The Metropolitan Opera’s first-ever production of Verdi’s complete, five act French version of Don Carlos made quite a sensation last season. Not only was Yannick Nézet-Séguin’s leadership the soul of French dramatic elegance, the inclusion of the first act, in which the not-to-be lovers Carlos and Elisabeth meet, makes sense of otherwise murky motivations and emotions. The language is gentler, further back with less aggressive vowels. Good to hear, but greeted as a revolution, and somehow attempting to negate this season’s revival of the composer’s 1884 Milan revision. This four-act version in Italian is, let’s face it, the way most of us became familiar with – and learned to love – this most ambitious and all-encompassing work, since the first act was only reinstated from the late 1950s. I certainly did not feel that I was watching a torso of an opera, and neither did the rest of the three-quarter’s filled Met.

Günther Groissböck (Filippo) and Peter Mattei (Posa)
© Ken Howard | Met Opera

The casting was mostly stronger than last season’s. I was looking forward to hearing Russell Thomas in the title role but his indisposition introduced tenor Rafael Davila’s Carlos to the house. (He has sung at the Met before but I cannot recall any commentary.) The voice is a fine one, perhaps lacking subtlety but rock solid, and, in this least satisfying leading tenor role in Verdi’s canon, he made a fine impression. A hand-to-heart, kneel-and-get-up actor, his musicianship was never in doubt. An auspicious role debut at the Met. 

John Relyea (Grand Inquisitor) and Günther Groissböck (Filippo)
© Ken Howard | Met Opera

Perhaps the most elegant baritone singing today, Peter Mattei has now added to his Amfortas, Count (in Figaro), Wozzeck and more, a brilliant portrayal of the Marquis of Posa. Tall, graceful, a potent presence, Mattei’s smooth voice, brilliant articulation, effortless legato and attention to the text, almost brought the show to a halt after his death scene. Many missed the late Dmitri Hvorostovsky’s reading; Mattei’s was just as beautiful and more about the character. His nasty confrontation with Günther Groissböck’s towering King Philip closed the first act with a shudder. Groissböck was excellent; the voice grand, the middle voice occasionally presented without vibrato, creating a truly nasty effect. His big aria was good, but the Grand Inquisitor scene, with John Relyea’s scary priest, was simply great.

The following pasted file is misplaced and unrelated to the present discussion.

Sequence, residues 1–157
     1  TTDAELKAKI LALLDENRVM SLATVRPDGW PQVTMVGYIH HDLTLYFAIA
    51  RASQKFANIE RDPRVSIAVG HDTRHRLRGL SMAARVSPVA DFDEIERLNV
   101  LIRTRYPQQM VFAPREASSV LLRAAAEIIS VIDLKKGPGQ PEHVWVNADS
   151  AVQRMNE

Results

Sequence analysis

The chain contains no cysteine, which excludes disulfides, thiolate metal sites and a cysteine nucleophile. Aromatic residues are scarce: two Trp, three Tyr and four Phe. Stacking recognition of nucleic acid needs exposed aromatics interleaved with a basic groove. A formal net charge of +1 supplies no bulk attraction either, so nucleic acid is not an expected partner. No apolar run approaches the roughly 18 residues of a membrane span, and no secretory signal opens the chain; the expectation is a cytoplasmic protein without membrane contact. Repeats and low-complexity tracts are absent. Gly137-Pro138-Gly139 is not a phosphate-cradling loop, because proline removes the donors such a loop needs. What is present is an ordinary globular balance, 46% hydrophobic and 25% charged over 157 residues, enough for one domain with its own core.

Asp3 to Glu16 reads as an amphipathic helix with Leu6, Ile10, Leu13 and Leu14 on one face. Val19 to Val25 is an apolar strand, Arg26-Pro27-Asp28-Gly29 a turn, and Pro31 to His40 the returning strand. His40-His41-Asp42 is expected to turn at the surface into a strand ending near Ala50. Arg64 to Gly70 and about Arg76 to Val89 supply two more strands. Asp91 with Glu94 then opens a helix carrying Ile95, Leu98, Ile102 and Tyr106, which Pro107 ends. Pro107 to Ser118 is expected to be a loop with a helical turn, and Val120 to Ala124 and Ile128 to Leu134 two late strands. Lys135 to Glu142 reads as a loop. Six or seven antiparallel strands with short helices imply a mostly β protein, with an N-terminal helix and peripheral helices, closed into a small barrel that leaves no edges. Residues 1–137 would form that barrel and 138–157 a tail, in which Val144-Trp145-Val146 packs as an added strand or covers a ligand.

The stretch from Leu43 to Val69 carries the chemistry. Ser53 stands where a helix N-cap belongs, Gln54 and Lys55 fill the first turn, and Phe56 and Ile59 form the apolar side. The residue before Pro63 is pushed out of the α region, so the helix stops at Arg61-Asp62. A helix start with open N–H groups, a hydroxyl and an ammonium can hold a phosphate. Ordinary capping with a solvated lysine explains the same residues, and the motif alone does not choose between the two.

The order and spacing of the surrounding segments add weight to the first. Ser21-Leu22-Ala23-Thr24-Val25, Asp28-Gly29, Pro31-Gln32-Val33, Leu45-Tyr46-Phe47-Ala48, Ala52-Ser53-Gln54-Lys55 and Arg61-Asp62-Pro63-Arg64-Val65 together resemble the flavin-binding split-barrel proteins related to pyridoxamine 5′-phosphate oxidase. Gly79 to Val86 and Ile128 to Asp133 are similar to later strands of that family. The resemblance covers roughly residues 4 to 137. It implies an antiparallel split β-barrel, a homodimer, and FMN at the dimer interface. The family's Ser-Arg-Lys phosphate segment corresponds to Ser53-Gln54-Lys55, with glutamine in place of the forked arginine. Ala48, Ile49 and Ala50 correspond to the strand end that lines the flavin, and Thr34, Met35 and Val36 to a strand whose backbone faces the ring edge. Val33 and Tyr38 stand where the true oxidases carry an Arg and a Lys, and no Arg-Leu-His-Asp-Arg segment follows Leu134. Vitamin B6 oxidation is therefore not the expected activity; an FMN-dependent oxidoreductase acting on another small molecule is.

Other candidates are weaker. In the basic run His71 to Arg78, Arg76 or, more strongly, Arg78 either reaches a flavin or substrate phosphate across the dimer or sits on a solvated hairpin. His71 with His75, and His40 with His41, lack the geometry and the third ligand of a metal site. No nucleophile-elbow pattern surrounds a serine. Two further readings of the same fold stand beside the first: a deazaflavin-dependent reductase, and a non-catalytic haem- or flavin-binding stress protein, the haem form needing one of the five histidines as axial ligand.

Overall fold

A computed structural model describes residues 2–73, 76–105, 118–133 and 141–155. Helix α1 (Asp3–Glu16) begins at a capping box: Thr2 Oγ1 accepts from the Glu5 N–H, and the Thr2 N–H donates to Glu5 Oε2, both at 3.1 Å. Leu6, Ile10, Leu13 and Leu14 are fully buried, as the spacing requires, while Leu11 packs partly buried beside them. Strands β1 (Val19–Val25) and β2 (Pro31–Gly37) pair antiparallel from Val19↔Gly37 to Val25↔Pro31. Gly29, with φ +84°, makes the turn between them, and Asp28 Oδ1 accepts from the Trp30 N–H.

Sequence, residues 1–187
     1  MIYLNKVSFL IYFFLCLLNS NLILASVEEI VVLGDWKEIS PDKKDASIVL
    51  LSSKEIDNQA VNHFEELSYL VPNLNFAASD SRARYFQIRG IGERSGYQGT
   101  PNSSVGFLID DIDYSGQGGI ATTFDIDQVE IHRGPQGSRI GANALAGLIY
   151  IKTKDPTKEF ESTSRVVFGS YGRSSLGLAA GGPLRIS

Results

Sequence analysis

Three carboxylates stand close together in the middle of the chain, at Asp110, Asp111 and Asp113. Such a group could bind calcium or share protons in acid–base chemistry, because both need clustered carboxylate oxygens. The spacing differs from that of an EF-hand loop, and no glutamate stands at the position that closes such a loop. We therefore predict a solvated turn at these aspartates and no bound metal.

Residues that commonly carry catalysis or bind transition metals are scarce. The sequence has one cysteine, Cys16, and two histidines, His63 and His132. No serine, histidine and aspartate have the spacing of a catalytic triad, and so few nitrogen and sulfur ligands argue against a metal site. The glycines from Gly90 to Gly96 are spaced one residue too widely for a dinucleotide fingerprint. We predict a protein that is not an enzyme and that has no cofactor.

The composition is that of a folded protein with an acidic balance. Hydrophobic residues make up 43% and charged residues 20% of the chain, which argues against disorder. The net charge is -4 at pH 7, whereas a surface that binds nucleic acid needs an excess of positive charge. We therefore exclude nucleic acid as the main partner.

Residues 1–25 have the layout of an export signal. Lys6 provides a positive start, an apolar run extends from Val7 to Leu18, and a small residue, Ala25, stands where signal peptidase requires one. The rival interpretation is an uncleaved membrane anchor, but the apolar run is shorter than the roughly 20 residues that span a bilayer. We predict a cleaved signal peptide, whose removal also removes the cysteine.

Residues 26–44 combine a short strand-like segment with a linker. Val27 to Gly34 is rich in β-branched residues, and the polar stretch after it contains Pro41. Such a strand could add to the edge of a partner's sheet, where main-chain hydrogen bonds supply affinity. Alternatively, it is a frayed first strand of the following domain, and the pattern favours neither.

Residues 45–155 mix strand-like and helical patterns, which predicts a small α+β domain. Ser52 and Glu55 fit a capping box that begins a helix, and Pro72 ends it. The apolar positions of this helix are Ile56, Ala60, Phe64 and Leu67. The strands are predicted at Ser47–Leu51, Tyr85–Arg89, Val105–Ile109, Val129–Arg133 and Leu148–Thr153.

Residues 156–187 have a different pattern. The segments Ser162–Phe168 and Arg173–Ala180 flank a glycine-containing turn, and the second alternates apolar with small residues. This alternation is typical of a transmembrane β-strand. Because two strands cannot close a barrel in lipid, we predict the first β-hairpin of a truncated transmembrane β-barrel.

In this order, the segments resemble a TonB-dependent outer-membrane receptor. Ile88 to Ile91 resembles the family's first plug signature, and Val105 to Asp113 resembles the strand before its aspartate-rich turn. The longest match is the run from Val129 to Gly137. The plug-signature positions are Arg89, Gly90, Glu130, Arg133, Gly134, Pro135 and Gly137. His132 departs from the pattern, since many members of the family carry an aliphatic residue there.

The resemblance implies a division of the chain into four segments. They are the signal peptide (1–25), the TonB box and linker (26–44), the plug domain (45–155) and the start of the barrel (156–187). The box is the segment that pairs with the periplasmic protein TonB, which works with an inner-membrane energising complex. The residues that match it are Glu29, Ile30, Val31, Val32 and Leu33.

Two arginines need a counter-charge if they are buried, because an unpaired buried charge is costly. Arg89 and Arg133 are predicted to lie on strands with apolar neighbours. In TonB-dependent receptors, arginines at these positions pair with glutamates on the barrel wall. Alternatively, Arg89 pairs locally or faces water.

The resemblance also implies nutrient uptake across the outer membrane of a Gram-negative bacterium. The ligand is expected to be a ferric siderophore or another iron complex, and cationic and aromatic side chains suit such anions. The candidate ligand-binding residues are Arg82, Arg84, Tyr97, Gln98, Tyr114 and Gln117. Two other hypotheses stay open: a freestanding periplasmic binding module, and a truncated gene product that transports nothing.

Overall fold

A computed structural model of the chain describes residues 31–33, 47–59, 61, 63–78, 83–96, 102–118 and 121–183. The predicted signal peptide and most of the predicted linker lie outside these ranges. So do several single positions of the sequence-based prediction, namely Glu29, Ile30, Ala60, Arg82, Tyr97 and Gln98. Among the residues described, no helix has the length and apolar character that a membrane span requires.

Yulia Matochkina (Eboli) and Eleanora Buratto (Elisabetta)
© Ken Howard | Met Opera

As far as I can see, Elisabetta is Eleonora Buratto’s heaviest role to date, and she was magnificent. A fine Mimì and Butterfly, the voice has heft when needed but is more along the lines of a Mirella Freni than a Renata Tebaldi. Her farewell to the Countess of Aremberg was a tearjerker, glorious pianissimi and all. “Tu che le vanità” was riveting. As her foil, Princess Eboli, Yulia Matochkina (previously only Maddalena here) began with insouciance in her well-articulated Veil Song, and knocked the ball out of the park in “O don fatale”, probably Verdi’s cruelest aria. Smaller roles were all well taken, with Alexandros Stavrakakis’ Monk (Carlo V?) particularly sonorous.

Charles Edwards’ ugly, oppressive set of dark gray stone walls looked like a series of catacombs; they lit up and featured an audience watching the auto-da-fé for the second act finale. No greenery in the garden. Probably exactly as gloomy as the real Escorial in the 16th century. The “nicest” touch was a mammoth statue of the Crucified Christ looming over Philip’s study. Sir David McVicar’s direction was efficient, but a “flaming” jester during the auto-da-fé was a stupid touch.

Don Carlo
© Ken Howard | Met Opera

Carlo Rizzi remains the finest routinier at the Met, and if that sounds like damning with faint praise, so be it. This year he is in charge of three operas (and has led 16 others in the past). Everything works well; ensembles are clean and the orchestra plays well. Tempi never lag, in fact, they seem rushed at times, more so because when his conservatoire was teaching rubato and other refinements, Rizzi must have been absent. He led an efficient, foursquare reading, which became deadly dull during the confessional, heart-rending Carlo-Elisabetta duet in the monastery garden.

An evening for rousing, refined singing of Verdi’s grandest creation.